Why use nitrogen for car tyres – and is it worth it?

Have you heard about tyres being inflated with nitrogen rather than standard compressed air and wondered why – and what the benefits are?

Here we look at the reason tyre firms are offering nitrogen inflation and why it could be useful for motorists on the UK’s roads.

Woman stressed searching for Amazon contact with real personFind out why some drivers are swapping compressed air for pure nitrogen to inflate their car tyres  (Credit: Pxhere)

Is putting nitrogen in tyres a new idea?

No. The use of nitrogen in tyres has been around for many years, but mainly for the likes of racing cars and aircraft, but now it is becoming increasingly common for tyre firms to offer it as a service for owners of standard road cars.

Additionally, the compressed air that is used to inflate tyres has always included nitrogen in any case, with it being 78% nitrogen, 21% oxygen and 1% made up of additional gases.

What does filling tyres with nitrogen do?

There are several claimed advantages to inflating tyres with pure nitrogen rather than the traditional mix of gases.

One reason is that nitrogen has no moisture when in a pure state, which mean that your car wheels will not suffer from as much corrosion, which can damage them and allow air to leak out and tyres to deflate. Preventing corrosion can reduce maintenance costs, while also improving safety.

Does nitrogen stop tyres losing pressure?

Because nitrogen has bigger molecules, less of the gas will leak through the lining of the tyre and ensure that your tyres do not lose pressure as fast as tyres filled with traditional compressed air.

All tyres will leak air over time, so the use of nitrogen can slow this down but not stop it altogether, so driver will still need to check pressure levels on tyres at regular intervals.

Drivers should ensure their tyres are safe, not damaged or too old to be safe – or comply with the law for larger vehicles. Check your tyre age here.

Is it worth filling my tyres with nitrogen

A study by the US National Highway Traffic Safety Administration in 2009 found that after 90-days cars with 99% pure nitrogen-filled tyres lost around 1.39% of pressure per month while the air-filled tyres lost 2.13% over the same period.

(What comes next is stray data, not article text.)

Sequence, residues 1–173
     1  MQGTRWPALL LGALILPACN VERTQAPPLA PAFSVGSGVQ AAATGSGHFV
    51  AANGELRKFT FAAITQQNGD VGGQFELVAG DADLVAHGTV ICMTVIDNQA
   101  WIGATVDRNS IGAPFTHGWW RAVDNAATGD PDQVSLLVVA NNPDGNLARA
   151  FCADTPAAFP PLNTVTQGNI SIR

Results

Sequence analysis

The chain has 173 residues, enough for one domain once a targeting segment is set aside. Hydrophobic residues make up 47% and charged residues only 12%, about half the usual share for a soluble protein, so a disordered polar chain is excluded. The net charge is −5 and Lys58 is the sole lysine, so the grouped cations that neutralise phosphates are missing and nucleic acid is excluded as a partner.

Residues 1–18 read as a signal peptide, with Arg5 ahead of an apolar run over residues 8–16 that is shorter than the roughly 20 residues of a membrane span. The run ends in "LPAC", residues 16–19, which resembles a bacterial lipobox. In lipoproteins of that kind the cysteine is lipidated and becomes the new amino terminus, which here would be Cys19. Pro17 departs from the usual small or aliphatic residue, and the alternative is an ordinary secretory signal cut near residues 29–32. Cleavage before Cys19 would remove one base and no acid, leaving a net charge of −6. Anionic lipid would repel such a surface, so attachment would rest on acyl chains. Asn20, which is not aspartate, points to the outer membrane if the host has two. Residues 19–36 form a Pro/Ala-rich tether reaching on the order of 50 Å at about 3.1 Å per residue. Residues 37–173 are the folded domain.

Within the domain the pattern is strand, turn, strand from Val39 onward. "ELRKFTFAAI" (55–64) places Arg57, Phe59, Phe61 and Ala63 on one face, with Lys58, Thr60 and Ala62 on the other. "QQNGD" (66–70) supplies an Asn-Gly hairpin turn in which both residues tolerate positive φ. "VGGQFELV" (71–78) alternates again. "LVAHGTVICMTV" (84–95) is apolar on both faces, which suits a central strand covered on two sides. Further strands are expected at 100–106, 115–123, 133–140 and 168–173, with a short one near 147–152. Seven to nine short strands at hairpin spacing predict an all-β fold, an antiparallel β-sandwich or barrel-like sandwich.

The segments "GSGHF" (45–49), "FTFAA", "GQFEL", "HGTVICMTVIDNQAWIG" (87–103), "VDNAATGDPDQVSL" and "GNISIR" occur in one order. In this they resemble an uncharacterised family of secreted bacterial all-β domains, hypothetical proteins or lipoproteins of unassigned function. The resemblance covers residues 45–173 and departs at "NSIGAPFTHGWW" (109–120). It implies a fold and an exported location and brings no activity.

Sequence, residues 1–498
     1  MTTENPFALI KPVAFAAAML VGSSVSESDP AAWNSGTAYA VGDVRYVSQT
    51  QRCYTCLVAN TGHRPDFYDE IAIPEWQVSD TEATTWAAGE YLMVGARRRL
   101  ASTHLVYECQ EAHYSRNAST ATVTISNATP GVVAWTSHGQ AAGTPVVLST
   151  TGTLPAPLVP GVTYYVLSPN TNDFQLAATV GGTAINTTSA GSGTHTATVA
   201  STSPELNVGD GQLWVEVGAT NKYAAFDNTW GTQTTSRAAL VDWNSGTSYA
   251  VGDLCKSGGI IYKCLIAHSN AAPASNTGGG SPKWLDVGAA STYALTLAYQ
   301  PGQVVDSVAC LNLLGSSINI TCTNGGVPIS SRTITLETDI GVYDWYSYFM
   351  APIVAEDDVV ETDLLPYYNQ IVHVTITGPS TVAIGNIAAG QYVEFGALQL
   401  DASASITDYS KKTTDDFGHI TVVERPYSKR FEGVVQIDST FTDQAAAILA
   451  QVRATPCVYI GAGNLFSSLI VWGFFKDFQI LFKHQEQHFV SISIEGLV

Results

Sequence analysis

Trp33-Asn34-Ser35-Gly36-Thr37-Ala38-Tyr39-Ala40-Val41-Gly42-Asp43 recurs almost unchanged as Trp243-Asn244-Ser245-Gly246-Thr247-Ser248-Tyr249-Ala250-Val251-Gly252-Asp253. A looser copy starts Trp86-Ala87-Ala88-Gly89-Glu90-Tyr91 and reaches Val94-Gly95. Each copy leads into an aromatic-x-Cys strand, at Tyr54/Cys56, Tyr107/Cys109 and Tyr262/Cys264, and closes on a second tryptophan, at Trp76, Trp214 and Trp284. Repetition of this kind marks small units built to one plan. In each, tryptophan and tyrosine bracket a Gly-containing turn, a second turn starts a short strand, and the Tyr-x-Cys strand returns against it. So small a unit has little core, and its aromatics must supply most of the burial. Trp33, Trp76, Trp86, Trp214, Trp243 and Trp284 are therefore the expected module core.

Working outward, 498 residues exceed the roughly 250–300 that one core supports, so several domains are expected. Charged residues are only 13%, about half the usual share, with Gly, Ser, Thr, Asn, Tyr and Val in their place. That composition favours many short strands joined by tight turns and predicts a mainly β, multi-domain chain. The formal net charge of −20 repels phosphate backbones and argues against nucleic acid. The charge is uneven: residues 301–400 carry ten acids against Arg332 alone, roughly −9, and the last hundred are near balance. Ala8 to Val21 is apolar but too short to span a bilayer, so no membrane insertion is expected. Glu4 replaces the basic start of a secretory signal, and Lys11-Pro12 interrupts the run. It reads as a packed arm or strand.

Under-inflated tyres are dangerous and also mean more fuel is used, so for these two reasons alone, many motorists will see obvious benefits from swapping traditional compressed air for pure nitrogen to inflate tyres.

Will nitrogen make my tyres more fuel-efficient?

As already mentioned, tyres that are properly inflated will help to save fuel, so a side-effect of nitrogen slowing down pressure loss in tyres will be to increase the number of miles you can eek out from your fuel.

Will filling my tyres with nitrogen make them last longer?

Some providers claim that because nitrogen-filled tyres operate at a lower temperature, this will translate to less rolling resistance and help the tyre to last longer and not degrade as quickly.

However, there is very little research to support this theory to an extent that would make any saving worthwhile over the additional cost of inflating tyres with nitrogen.

How much does it cost to fill tyres with nitrogen?

Filling a tyre with nitrogen will cost in the region of £2 per tyre. All tyres must be filled at the same time and any top-ups must also be with nitrogen to gain any of the benefits over time.

My car has green tyre valve caps – what does this mean

If your car has green tyre valve caps, this will usually mean that the tyres have been filled with pure nitrogen rather than standard compressed air.

When topping up your tyres you can go to a tyre centre and ask for nitrogen to inflate your tyres, but it is also safe to add normal compressed air if you need to top up for safety measure.

If you do top up with standard air, you will need to have this purged and replaced by nitrogen at a tyre specialist to receive the benefits of nitrogen.

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